12.     From her testimony and her fi nancial affidavit filed August 14, 1998, the Defendant has needs and expenses of approximately $3,010.00 per month. . . .

            13.     The Plaintiff testified to his family (new spouse, her daughters, and himself) having total needs and expenses of $6,861.00. He estimated his personal needs and expenses to be $4,394.00 per month. Plaintiff testified he took as his expenses 1/4 of household expenses, as 4 people were living in the house (the Plaintiff, his new wife, and her two children).
(Emphasis added.) These findings are mere recitations of the evidence and are not the ultimate facts required to support the trial court's conclusions of law regarding the needs of the parties.
    Additionally, N.C. Gen. Stat. § 50-16.3A(c) (1995) requires the trial court, in making an alimony award, to set forth "the reasons for its amount, duration, and manner of payment." The trial court in the case at bar failed to provide any reasoning for the $1,500.00 monthly amount, why the award was permanent, or why it would be paid directly to the Union County Clerk of Court. See Friend-Novorska v. Novoraka, 131 N.C. App. 867, 870, 509 S.E.2d 460, 462 (1998) (holding that trial court violated N.C.G.S. § 50-16.3A(c) by failing to set forth reasoning to support the amount or duration of a thirty-month alimony award).
    Additionally, in awarding attorney's fees, the trial court failed to "make findings of fact as to the nature and scope of legal services rendered, the skill and the time required upon which a determination of reasonableness of the fees can be based." Owensby v. Owensby, 312 N.C. 473, 475-76, 322 S.E.2d 772, 774 (1984) (citations omitted). This failure effectively precludes this Court from determining whether the trial court abused its discretion in setting the amount of the award.
    We also hold the trial court's conclusions of law constitute "bare conclusion[s] unaccompanied by the supporting grounds for [such] conclusion," in violation of Rule 52(a). Appalachian Poster Advertising Co., 89 N.C. App. at 480, 366 S.E.2d at 707. "A'conclusion of law' is the court's statement of the law which is determinative of the matter at issue [and] . . . must be based on the facts found by the court . . . ." Montgomery, 32 N.C. App. at 157, 231 S.E.2d at 28-29 (citations omitted). Accordingly, the trial court was required to conclude on the basis of the ultimate facts whether alimony was proper. We hold the conclusions of law here constitute nothing more than general statements of the law and are not related in any way to the findings of fact.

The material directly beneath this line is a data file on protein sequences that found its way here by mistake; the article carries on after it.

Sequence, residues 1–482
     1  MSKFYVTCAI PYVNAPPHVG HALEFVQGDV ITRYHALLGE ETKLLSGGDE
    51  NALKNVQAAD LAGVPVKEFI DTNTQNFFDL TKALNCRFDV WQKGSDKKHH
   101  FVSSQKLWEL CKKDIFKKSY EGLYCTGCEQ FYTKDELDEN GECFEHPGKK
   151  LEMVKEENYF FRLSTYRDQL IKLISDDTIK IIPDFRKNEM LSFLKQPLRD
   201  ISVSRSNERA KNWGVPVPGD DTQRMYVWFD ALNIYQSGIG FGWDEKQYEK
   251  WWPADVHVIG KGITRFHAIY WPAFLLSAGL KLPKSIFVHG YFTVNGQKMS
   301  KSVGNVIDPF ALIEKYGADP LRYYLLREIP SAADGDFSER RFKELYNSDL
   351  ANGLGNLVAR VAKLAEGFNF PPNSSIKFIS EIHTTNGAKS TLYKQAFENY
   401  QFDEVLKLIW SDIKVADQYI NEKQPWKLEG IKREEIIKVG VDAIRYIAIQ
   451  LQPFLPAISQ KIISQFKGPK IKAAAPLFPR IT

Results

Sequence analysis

Based on the foregoing, we reverse the trial court's order and remand with instructions that the trial court make appropriate findings of fact and conclusions of law to support its awards, if any. We leave it to the trial court to determine whether additional evidence is needed. Having determined the trial court's findings and conclusions will not support its decision, it is unnecessary for us to discuss the remaining assignments of error as the facts giving rise thereto may not occur on remand.
    Reversed and remanded.
    Judge WALKER concurs.
    Judge TIMMONS-GOODSON concurring in part, and dissenting in
part.

NO. COA99-1007

NORTH CAROLINA COURT OF APPEALS

Filed: 17 October 2000

CHARLES C. WILLIAMSON,
        Plaintiff,
v w.                            & nbsp;        Union County        &nb sp;                      &nbs p;        No. 97 CVD 975
ELIZABETH G. WILLIAMSON,
        Defendant.
    
    TIMMONS-GOODSON, Judge, concurring in part, and dissenting in

part.

    Because I believe that the order of the trial court contains appropriate findings of fact and conclusions of law to support the award of alimony, I respectfully dissent.
    Under section 50-16.2 of the General Statutes, a spouse “who is actually substantially dependent upon the other spouse for his or her maintenance and support or is substantially in need of maintenance and support from the other spouse” is entitled to alimony. N.C. Gen. Stat. § 50-16.1A(2) (1999). A spouse is “actually substantially dependent” if he or she can demonstrate “actual dependence on the other in order to maintain the standard of living to which he or she became accustomed during the last several years prior to the spouses' separation.” Talent v. Talent, 76 N.C. App. 545, 548, 334 S.E.2d 256, 258 (1985), superseded on other grounds by N.C. Gen. Stat. § 50-16.3A(a)(1999). An award of alimony based on dependency must contain “'findings sufficiently specific to indicate that the trial judge properly considered each of the factors . . . for a determination of an alimony award.'” Lamb v. Lamb, 103 N.C. App. 541, 545, 406 S.E.2d 622, 624 (1991) (quoting Shamarak v. Shamarak, 81 N.C. App. 125, 128, 343 S.E.2d 559, 561 (1986) (citations omitted)).
    In my opinion, the following pertinent findings of fact are sufficiently specific to determine dependency:
            6. The Plaintiff is employed by the First Presbyterian Church of Monroe, North Carolina. He is under contract . . . and has a gross yearly income of $77,227.88 . . . .

            . . . .